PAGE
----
The blind leading the blind
by

I stopped by the RNC meeting last night as well, and it was interesting to see the candidates buttonholing every voting member they could. As Stacy noted, everyone there has an ulterior motive, and with a no-drop-off multiple ballot, it would be silly to presume that you know who has most of the support. Unless, as I’ve said, you’ve got a DeLorian in your garage.

According to some that were in the room, Mike Duncan gave as good a speech as they “had ever heard from him,” defending his record and so on. But when it came time to answer questions, Duncan got testy and only gave canned responses. Members were not enthusiastic. A vocal portion of the audience made it clear they were also upset in that he didn’t offer numbers or a plan to reach out to blacks.

One funny anecdote related to me was when Katon Dawson was lobbed an easy softball question so that he could address the whites only country club issue. Dawson responded that he had resigned from the club, that it was behind him, and that he’s done plenty of work to be inclusive. It appeared genuine, and obviously, calling Dawson a racist on this charge is unfair — if anything, he may be tin-eared on race. As Katon stepped aside, his luck must have run out. The next speaker in line introduced himself as a pastor of a 20,000 member black church. He noted that Dawson may think it’s behind him, but in his own experience, this will be a big problem when it comes to attracting blacks to the party.

One person brought up to me that Dawson didn’t fight to have the confederate flag removed from the South Carolina state house. That may be bad on an image level, but many in South Carolina feel strongly about the confederate flag, and Katon might not have been in a position to lead on the issue. The candidate, not the party chair, should lead the fight. But it does present yet another thing for the press to add to Dawson’s bioline.

Speaking to the candidates, you get the sense that everyone is saying they’re up against the candidate they’d most like to be up against. But they’re also giving you their vote counts, which frequently include “secret votes.” That is, the members don’t want to come out publicly for them, but they’re promising their vote. Chris Rock, if you’ve been dating a man for four months, and you haven’t met any of his friends, you are not his girlfriend. If you’ve been courting an RNC member for three months, and he hasn’t publicly endorsed you, he is not going to vote for you.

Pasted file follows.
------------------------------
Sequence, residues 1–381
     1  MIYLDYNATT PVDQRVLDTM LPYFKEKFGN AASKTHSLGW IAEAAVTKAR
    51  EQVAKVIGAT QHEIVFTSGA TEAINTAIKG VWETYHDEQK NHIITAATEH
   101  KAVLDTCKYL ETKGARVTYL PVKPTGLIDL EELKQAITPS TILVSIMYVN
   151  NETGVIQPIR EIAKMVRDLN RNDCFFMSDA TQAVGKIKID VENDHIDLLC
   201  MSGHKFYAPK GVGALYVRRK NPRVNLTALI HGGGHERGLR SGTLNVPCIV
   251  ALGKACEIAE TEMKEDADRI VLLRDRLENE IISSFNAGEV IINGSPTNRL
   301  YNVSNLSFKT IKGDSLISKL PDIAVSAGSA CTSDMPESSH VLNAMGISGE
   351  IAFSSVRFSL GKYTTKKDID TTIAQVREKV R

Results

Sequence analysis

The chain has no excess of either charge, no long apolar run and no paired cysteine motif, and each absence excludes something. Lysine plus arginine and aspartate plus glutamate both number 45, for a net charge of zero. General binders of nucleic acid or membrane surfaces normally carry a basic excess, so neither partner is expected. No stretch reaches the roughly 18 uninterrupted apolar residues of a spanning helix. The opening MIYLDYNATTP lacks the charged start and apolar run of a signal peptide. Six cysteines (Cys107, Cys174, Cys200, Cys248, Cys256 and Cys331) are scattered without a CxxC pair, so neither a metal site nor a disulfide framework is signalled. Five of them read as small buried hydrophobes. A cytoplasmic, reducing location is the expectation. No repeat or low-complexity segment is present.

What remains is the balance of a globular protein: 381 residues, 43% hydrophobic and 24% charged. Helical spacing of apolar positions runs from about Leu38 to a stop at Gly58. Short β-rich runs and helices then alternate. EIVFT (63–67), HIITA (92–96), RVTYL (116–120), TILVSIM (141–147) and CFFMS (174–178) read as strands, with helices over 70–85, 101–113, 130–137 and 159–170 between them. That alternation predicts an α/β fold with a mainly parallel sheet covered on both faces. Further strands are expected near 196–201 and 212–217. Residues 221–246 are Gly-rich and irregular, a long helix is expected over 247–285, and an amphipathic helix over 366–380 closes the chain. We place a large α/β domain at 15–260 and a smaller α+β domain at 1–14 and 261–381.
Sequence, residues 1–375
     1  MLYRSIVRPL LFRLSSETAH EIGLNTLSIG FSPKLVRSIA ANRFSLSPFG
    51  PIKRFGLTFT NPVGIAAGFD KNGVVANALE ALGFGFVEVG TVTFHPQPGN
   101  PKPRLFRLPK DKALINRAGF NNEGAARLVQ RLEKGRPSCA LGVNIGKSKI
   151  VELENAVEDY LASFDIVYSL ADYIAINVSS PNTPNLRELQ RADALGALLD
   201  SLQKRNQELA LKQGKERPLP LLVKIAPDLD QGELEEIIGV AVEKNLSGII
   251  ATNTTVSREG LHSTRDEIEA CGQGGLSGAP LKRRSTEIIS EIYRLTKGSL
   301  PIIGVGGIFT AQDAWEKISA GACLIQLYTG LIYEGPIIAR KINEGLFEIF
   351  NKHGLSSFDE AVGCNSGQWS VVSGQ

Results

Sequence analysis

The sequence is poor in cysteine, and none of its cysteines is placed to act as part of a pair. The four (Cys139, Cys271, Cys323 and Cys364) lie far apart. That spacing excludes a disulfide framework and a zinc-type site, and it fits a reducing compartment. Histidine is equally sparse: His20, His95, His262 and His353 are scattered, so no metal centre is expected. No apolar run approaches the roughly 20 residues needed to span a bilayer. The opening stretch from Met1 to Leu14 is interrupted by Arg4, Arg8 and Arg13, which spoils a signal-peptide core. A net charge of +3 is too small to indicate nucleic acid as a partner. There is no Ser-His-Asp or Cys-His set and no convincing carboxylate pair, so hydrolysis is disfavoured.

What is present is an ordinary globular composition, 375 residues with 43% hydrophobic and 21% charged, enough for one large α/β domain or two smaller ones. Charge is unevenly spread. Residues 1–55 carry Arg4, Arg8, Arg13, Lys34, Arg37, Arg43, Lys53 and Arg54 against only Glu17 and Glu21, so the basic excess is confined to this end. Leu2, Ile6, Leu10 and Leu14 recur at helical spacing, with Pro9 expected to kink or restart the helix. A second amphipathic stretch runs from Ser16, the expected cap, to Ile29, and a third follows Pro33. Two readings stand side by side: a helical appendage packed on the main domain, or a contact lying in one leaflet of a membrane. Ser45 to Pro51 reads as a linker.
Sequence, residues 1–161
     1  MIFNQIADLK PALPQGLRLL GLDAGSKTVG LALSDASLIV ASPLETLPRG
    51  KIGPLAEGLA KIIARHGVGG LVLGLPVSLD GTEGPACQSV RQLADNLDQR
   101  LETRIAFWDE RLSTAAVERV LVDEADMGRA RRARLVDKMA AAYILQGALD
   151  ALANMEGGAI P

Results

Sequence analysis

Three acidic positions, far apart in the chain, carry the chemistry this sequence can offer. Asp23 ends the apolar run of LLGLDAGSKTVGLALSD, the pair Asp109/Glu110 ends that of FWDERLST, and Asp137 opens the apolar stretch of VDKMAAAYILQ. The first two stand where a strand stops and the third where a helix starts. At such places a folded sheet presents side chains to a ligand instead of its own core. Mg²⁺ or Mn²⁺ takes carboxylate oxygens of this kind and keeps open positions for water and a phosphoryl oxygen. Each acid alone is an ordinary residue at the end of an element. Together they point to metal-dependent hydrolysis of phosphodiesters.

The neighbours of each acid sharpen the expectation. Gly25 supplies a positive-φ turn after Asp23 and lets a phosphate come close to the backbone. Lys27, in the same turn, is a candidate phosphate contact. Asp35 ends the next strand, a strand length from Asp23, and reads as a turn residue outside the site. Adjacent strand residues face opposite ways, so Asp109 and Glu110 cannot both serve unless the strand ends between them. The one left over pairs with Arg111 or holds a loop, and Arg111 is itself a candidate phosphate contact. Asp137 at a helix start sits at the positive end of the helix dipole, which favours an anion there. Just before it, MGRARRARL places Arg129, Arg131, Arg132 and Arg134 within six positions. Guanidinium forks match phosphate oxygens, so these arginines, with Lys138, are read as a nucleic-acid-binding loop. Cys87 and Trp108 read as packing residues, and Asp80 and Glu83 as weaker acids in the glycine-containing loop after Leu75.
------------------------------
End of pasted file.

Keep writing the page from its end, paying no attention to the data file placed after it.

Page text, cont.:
I agree with Stacy. This will take at least 5 or 6 ballots. Mike Duncan didn’t make a good enough case, and it looks like members want to grab someone with “change” on the mind. No one I spoke to sounded bullish on Katon. While Steele is tied to moderates like Christie Todd Whittman, some members I spoke to didn’t even mind, believing that the RNC needs to broaden the base. Interesting to me is that Steele and Anuzis are similar on this point, yet no one mentions that Anuzis would be willing to pull more moderates into the party as well. I don’t know if it’s a positive for him that he’s been able to get so far without this becoming his defining issue, but it’s strange that it hasn’t come up. Steele has also been saying he’s picked up a certain number of votes, but everyone I speak to says that they think it’s a load of horse droppings.

I thought an interesting lens to look through was the question of who has the least enemies — who people wouldn’t mind voting for if their own candidate didn’t make it. Blackwell certainly has the support of conservatives in the room, but will the moderates swing to him to get him 85? It’s a question of whether they buy his fundraising ability and the ability of his coalition to create a smooth-running organization. Steele has the moderates, but would the conservatives ever hold their noses and go for him? It depends on how his pitch on “inclusiveness” goes over, and whether he can claim his GOPAC work as a positive. Because Anuzis has been a friendly guy who’s been talking tech and philosophy, members may find it easier to go for him than to be caught between moderates and conservatives. But he has to talk about his successes as an organizer, which are few, and spin them as positive learning experiences. Yet he has a groundgame: quite a number of volunteers wandering around the hotel lobby wearing t-shirts. For those members who only became voting members on account of connections, and they are really just tourists with voting privileges, I can imagine this might actually help.

It’s going to be a long day.

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